Scientists Unearth World's Largest Spider Fossil
A team of scientists from the Paleontological Institute at the University of Kansas recently unearthed what is believed to be the largest spider fossil ever found. Discovered near the Daohugou village in Northeastern China, the perfectly preserved specimen named Nephila jurassica is a close relative of the modern day Golden Silk Orb Weaver.
Experts estimate that the arthropod is about 165 million years old and inhabited the earth during the middle Jurassic era. What surprised the paleontologists was its rather puny size, which measured 5 centimeters when curled up and about 2 inches when stretched from end to end. That's because the Nephila jurassica lived during a period when oxygen levels were much higher, causing similar insects to grow to almost monstrous sizes. For example, back then dragon flies sported a wingspan of up to a meter, while millipedes measured a whopping 2.5 meters long. In fact, even its modern day relative, then Golden Silk Orb Weaver is much bigger, with the female spider growing as large as 5 inches.
Similar to today's Golden Orb Weaver, this one also had spinnerets or silk spinning organs on its leg, suggesting that it too was capable of spinning large durable webs, to trap insects.
Scientists believe that the ancient spider has been around for over 350 million years, when the Earth was one big supercontinent known as Pangaea. However, the species was well spread out by the time it broke up into seven continents and can therefore be found in many parts of the world today. Since it thrives in tropical climate experts speculate that Daohugoa region used to be warmer and much more humid, then it is today.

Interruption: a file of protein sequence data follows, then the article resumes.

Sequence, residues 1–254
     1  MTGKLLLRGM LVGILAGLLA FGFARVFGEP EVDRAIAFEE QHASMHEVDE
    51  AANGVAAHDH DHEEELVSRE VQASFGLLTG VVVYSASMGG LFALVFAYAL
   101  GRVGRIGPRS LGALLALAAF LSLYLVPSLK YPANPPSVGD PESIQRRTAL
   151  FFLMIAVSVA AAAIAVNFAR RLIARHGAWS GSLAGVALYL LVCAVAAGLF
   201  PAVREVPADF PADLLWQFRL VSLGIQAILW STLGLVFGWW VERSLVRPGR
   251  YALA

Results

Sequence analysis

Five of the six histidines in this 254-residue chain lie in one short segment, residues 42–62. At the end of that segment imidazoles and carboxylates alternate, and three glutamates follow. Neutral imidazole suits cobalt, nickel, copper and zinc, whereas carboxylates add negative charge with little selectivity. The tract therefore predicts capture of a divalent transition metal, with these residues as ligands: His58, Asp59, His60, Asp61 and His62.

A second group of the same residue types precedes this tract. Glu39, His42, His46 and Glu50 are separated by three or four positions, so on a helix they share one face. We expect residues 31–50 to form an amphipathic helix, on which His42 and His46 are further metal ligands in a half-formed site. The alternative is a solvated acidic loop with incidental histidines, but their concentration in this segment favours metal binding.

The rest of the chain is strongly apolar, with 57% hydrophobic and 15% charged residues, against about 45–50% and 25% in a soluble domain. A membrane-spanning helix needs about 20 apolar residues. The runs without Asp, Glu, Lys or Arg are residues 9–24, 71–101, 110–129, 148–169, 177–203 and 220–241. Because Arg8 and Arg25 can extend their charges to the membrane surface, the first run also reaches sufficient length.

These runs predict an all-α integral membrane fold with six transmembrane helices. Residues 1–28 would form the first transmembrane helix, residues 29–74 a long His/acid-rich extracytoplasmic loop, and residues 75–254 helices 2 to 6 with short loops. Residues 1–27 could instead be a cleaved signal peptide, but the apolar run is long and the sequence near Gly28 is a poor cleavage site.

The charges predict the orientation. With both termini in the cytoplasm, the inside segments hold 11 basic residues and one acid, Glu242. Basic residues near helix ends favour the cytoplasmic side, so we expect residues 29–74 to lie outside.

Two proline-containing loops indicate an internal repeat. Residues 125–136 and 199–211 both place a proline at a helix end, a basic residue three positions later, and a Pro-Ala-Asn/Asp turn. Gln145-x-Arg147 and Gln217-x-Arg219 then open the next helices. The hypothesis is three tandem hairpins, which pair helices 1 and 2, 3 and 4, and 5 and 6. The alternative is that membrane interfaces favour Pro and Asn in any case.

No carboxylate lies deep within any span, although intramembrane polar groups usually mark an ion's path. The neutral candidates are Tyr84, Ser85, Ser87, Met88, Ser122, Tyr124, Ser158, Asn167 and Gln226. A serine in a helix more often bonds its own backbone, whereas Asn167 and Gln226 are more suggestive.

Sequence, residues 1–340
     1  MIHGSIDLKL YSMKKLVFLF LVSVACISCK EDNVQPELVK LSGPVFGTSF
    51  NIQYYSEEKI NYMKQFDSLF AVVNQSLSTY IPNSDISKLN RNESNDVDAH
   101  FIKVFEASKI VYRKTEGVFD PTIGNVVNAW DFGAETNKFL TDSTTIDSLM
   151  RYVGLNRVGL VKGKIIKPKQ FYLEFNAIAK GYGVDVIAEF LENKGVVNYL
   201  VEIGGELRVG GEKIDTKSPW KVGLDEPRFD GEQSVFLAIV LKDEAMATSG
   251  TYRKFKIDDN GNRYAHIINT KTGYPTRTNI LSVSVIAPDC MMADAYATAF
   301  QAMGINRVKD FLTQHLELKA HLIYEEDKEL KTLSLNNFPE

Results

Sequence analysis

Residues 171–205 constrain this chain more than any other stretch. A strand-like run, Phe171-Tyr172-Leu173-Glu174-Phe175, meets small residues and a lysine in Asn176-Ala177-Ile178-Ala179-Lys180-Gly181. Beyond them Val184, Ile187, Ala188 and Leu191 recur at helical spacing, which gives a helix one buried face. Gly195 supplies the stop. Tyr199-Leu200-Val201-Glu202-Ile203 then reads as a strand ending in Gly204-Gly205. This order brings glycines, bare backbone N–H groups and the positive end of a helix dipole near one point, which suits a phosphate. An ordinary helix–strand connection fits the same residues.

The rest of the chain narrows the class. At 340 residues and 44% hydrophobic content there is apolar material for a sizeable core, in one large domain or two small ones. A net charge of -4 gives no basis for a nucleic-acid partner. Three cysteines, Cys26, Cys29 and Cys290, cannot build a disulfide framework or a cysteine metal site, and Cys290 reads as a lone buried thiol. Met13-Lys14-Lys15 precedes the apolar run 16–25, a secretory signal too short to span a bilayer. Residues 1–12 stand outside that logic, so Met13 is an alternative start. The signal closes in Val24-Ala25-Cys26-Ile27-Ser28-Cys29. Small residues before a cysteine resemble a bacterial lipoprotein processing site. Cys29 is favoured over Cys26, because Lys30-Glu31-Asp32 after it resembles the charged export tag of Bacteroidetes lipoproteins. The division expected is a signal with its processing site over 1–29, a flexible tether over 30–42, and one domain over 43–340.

While this is the largest spider fossil, it is not the oldest one found. Prior to this, scientists have unearthed fossils of two other spider species estimated to be 310 million years old.
Golden silk orb-weavers are named after the color of the spider silk with which they weave their beautiful golden webs that are large enough to trap insects, bats and even birds. While not as lethal as the Black Widow spider, the venom of these arthropods can cause a discomfort and redness to human victims for about 24 hours. Since they thrive in tropical climates, they are quite commonly found in many parts of the world, including Australia, Asia and in Africa, especially Madagascar where they are known to build giant golden webs that sometimes extend across roads.
Resources: physorg.com, newscientist.com
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